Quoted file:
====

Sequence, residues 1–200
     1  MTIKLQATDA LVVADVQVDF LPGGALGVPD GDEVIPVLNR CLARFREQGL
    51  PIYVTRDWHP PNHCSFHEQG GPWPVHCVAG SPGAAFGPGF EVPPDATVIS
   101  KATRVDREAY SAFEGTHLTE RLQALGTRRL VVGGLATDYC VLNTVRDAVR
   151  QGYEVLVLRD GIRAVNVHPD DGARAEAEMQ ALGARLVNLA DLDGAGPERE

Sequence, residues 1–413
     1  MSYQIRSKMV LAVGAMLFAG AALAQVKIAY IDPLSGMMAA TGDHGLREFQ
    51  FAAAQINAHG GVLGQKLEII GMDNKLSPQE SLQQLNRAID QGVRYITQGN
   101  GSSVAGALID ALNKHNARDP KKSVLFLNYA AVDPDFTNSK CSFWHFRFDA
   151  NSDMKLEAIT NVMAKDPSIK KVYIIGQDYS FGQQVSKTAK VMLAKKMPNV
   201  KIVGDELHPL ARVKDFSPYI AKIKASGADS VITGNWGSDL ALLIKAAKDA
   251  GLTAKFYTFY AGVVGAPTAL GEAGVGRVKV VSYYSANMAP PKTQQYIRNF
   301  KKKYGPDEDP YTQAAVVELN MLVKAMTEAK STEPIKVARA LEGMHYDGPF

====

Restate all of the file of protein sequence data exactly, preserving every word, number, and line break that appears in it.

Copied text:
Sequence, residues 1–200
     1  MTIKLQATDA LVVADVQVDF LPGGALGVPD GDEVIPVLNR CLARFREQGL
    51  PIYVTRDWHP PNHCSFHEQG GPWPVHCVAG SPGAAFGPGF EVPPDATVIS
   101  KATRVDREAY SAFEGTHLTE RLQALGTRRL VVGGLATDYC VLNTVRDAVR
   151  QGYEVLVLRD GIRAVNVHPD DGARAEAEMQ ALGARLVNLA DLDGAGPERE

Sequence, residues 1–413
     1  MSYQIRSKMV LAVGAMLFAG AALAQVKIAY IDPLSGMMAA TGDHGLREFQ
    51  FAAAQINAHG GVLGQKLEII GMDNKLSPQE SLQQLNRAID QGVRYITQGN
   101  GSSVAGALID ALNKHNARDP KKSVLFLNYA AVDPDFTNSK CSFWHFRFDA
   151  NSDMKLEAIT NVMAKDPSIK KVYIIGQDYS FGQQVSKTAK VMLAKKMPNV
   201  KIVGDELHPL ARVKDFSPYI AKIKASGADS VITGNWGSDL ALLIKAAKDA
   251  GLTAKFYTFY AGVVGAPTAL GEAGVGRVKV VSYYSANMAP PKTQQYIRNF
   301  KKKYGPDEDP YTQAAVVELN MLVKAMTEAK STEPIKVARA LEGMHYDGPF